Albert Edwin (Eddie) Condon (Goodland, Indiana, 16 november 1905 – New York City, August 4, 1973) was an American jazz banjoist,guitarist and band leader-. He was one of the leading figures of the rise of the dixieland. He also played piano and sang occasionally.
After a time having played ukulele , stepped over to the banjo and Condon was a professional musicianaround 1921 . He settled in Chicagoin the 1920s , where he mainly stayed and was used in combination with other jazz musicians such as Bix Beiderbecke and Frank Teschemacher.
In 1928 Condon moved to New York City. He played regular jam sessions for different record labels including Louis Armstrong and Fats Waller. His recording sessions in the studio at the time were unusual, he played together with Waller, Armstrong and Henry Red Allen and played a time with the band of Red Nichols. In the late 1930s he played regularly in the jazz club Nick's, located in Manhattan. In 1938, he signed a contract with record label, Commodore Records. Condon also appeared between 1944 and 1945 during radio broadcasts of the New York's Town Hall. Condon ran from 1945 to 1967 his own jazz club. In the 1950s he took plates on under Columbia Records.Condon toured In 1957 by Great Britain, along with Wild Bill Davison, Cutty cutshall, Gene Schroeder and George Wettling. His last tour was in 1964, in Australia andJapan.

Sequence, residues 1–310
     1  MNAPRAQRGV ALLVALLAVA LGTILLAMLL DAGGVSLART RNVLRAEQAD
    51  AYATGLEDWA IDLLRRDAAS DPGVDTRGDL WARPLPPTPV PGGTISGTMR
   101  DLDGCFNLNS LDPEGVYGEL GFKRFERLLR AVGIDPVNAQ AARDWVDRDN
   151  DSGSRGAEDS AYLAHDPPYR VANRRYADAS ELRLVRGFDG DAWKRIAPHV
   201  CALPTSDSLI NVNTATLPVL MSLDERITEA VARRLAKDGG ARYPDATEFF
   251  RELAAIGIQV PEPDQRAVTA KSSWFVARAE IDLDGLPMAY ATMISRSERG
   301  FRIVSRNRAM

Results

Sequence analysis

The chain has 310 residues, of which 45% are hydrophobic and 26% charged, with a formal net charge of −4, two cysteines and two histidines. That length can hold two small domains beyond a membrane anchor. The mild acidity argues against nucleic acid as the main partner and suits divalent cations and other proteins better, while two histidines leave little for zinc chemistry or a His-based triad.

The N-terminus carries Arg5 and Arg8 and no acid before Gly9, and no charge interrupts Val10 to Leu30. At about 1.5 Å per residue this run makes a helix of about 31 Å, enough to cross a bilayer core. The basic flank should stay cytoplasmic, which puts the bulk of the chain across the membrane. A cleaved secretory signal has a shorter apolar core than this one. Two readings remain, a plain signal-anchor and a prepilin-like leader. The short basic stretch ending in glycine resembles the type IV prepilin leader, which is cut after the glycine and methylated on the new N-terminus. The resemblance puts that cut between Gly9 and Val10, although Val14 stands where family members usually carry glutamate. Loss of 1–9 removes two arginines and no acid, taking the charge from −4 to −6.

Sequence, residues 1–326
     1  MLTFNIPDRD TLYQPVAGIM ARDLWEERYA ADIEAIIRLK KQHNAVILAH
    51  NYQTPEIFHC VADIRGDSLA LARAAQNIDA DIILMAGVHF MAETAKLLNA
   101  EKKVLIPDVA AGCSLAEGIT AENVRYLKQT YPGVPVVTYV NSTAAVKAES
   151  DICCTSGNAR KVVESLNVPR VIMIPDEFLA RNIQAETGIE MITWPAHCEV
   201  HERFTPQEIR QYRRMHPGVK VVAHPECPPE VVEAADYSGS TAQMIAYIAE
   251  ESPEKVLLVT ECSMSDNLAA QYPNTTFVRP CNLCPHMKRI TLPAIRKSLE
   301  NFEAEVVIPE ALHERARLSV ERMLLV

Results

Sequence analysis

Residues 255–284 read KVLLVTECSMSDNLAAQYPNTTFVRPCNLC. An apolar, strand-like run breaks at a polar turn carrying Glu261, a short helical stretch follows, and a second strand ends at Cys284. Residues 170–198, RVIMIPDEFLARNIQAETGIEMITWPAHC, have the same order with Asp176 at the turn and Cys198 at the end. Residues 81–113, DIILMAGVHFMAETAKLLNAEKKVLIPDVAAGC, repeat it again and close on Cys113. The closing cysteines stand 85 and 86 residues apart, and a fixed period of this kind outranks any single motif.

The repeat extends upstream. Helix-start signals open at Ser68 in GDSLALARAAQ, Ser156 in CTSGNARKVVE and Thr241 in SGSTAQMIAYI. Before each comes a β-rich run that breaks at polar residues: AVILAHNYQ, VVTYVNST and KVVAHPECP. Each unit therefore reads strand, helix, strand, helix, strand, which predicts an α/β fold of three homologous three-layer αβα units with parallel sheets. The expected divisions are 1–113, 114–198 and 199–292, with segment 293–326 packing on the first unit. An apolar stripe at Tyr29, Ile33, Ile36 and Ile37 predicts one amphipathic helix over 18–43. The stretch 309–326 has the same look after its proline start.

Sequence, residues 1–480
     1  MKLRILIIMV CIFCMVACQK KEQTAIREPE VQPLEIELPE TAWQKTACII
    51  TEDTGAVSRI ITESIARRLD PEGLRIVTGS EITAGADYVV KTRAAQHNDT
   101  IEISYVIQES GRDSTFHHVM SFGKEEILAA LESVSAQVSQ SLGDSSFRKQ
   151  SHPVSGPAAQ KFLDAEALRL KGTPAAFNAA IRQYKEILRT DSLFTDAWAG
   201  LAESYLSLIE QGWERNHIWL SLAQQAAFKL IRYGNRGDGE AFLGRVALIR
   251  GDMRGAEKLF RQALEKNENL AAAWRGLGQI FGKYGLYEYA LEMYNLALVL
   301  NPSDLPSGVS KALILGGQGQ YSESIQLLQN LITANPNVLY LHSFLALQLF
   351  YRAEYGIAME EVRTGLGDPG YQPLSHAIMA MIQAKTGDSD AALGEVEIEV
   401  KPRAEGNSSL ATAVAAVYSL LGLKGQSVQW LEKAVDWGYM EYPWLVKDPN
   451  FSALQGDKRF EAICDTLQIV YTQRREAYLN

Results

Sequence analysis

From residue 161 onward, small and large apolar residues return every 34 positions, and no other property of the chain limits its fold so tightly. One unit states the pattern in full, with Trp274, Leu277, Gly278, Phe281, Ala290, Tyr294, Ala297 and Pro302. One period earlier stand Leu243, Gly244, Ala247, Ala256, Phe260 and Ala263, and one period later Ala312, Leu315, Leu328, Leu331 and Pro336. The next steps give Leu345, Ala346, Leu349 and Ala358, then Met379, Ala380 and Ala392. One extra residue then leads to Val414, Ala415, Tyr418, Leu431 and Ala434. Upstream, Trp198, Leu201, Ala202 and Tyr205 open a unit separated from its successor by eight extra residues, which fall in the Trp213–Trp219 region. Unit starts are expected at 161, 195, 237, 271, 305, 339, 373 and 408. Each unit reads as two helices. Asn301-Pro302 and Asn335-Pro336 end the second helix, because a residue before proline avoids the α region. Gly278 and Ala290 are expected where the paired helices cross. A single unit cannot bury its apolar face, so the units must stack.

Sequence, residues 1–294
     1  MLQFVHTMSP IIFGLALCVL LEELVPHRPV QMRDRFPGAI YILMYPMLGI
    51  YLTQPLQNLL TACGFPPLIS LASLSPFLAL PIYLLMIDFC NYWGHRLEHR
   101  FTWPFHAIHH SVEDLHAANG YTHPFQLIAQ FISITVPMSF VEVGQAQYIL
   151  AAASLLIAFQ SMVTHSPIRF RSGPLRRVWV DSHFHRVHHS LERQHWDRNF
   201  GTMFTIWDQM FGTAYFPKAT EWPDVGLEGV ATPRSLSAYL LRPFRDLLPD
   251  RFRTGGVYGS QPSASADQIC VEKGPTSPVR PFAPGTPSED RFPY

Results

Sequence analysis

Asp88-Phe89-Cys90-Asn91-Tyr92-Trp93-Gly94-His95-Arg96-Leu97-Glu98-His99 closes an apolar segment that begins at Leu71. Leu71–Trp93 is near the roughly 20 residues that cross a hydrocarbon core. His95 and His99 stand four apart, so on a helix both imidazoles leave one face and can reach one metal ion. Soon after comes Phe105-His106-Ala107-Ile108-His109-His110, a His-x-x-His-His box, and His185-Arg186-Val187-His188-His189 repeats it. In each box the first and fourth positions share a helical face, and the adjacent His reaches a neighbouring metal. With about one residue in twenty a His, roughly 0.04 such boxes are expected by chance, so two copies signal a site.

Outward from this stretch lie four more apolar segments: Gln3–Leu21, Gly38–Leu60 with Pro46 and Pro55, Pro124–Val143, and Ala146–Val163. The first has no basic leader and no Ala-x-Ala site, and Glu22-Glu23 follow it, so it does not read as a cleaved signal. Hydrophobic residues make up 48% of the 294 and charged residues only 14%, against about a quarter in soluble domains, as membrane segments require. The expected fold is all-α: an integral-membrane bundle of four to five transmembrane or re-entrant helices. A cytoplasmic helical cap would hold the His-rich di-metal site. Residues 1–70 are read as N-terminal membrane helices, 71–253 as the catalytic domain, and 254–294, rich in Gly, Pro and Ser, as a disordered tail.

In 1948 his autobiography We Called It Music issued and Eddie Condon's Treasury of Jazz in 1956.
Eddie Condon died at the age of 67.